The Why And The How Of The GOP Implosion

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Why and how did the GOP end up with the mess that they currently have on their hands – the very real possibility of Drumf being their nominee?

Josh Marshall at TPM basically explains why. The Republican electorate felt betrayed.

The betrayal is that the GOP promised it would destroy Obama’s presidency (end it in 2012, defang it before and after) and turn back the various things he’s done to damage the country and ‘transform’ it. But let’s remember that Republicans played a high stakes game of brinksmanship in 2011, threatening to default on the national debt if President Obama didn’t comply with various demands, an event totally without precedent in more than two centuries of American history. There was the Cruz government shutdown in 2013 to attempt to force yet another showdown over Obamacare. There was the successful effort to kill immigration reform in 2013. There’s the current refusal to even receive the President’s nomination to fill a Supreme Court vacancy, at the beginning of the fourth year of his term – again, totally unprecedented in American history. (We had serial rejections in the mid-19th century, never a refusal even to consider a nomination.) And these are only some of the most high stakes examples.

Josh does not mention racism but I wonder why so many of the GOP wanted to destroy Obama’s presidency so badly. Was it that they really couldn’t bear to have a black man in the White House? Would they have treated a white Democratic president the same way? They didn’t give Bill Clinton an easy time either. Are they so power-hungry that they would stoop to any level?

You can say all sorts of things about these folks being crazy, or extremists or whatever else. But set aside all these evaluative or partisan interpretations and one thing is fairly clear in objective terms: a large portion of the GOP is not satisfied with what can realistically be achieved by conventional political means.

And that is fucking scary. They are simply not willing to abide by the will of the majority of the electorate. They want to impose their views on everyone else, even though they are in the minority. That is not democracy. But they don’t care.

Something this powerful, as we’ve discussed, isn’t just ginned up by political leaders. It runs much deeper. But again, the overreaching point is important: The narrative of ‘betrayal’ – at this volume and intensity – only makes sense if you are dealing with a chunk of the electorate with expectations that are deeply unrealistic in the context of conventional political action.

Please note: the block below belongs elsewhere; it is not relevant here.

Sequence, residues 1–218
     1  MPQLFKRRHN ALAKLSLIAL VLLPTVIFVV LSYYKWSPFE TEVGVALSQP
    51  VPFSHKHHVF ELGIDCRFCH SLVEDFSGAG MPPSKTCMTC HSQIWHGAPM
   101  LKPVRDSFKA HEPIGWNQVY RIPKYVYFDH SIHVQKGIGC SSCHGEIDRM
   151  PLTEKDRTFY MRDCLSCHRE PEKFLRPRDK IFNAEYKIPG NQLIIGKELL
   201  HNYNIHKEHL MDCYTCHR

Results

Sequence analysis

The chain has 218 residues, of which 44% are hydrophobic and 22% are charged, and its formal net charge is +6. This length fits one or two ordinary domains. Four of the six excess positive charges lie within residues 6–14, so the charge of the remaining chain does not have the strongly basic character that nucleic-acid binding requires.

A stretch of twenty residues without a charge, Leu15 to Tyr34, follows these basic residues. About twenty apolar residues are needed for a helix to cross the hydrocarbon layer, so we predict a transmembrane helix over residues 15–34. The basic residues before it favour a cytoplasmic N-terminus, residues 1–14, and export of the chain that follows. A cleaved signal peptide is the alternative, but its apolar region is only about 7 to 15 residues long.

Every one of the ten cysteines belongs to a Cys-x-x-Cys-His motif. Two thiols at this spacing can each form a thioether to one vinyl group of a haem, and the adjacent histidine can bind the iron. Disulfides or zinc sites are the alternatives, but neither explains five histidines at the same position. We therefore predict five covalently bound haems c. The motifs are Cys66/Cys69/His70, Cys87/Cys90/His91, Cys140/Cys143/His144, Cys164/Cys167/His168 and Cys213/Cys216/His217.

That is a volatile situation when you’re talking about at least a quarter of the national electorate.

That gets you Trump. It also gets you Ted Cruz. And it may get you worse still.

So this begins to paint a picture of why. Just how did these disasters of candidates even gain national prominence?

Business Insider has a good article on this.

It’s not normal for a political party to rent frontrunner status to cranks and charlatans for weeks at a time. Disastrous candidates are supposed to be blocked by validating institutions. Policy experts explain that their proposals do not add up. The media covers embarrassing incidents from their past and present. Party leaders warn that they will be embarrassing or incompetent or unelectable.

The problem is that Republicans have purposefully torn down the validating institutions. They have convinced voters that the media cannot be trusted; they have gotten them used to ignoring inconvenient facts about policy; and they have abolished standards of discourse by allowing all complaints about offensiveness to be lumped into a box called “political correctness” and ignored.

Republicans waged war on these institutions for a reason. Facts about policy can be inconvenient — a reality-based approach would find, for example, that tax cuts increase the deficit and carbon emissions cause climate change. Acknowledging the validity of complaints about racism could require some awkward conversations with racist and quasi-racist voters in the Republican coalition.

Of course, we’re now seeing the unintended consequence of the destruction of those institutions and the boundaries they impose around candidate acceptability: In doing so, Republicans created a hole that Donald Trump could fly his 757 through.

So you had idiots like Sarah Palin, Herman Cain, Ben Carson and every other single candidate for the GOP making money by pretending to run.

The whole thing has become farcical and the GOP allowed it to happen The one, somewhat reasonable candidate last election cycle – Jon Huntsman – didn’t stand a chance.

While the GOP pounded down on anyone who would reveal that they were on the side of corporations, they also silenced the critics that would allow the loonies to rise.

They really are very stupid.

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But then we knew that.

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4 Responses to The Why And The How Of The GOP Implosion

  1. Tumbleweed1 says:

    There is not enough Tequila in the state of Kansas to get me through this election.

    I’m giving it the Old College Try though.

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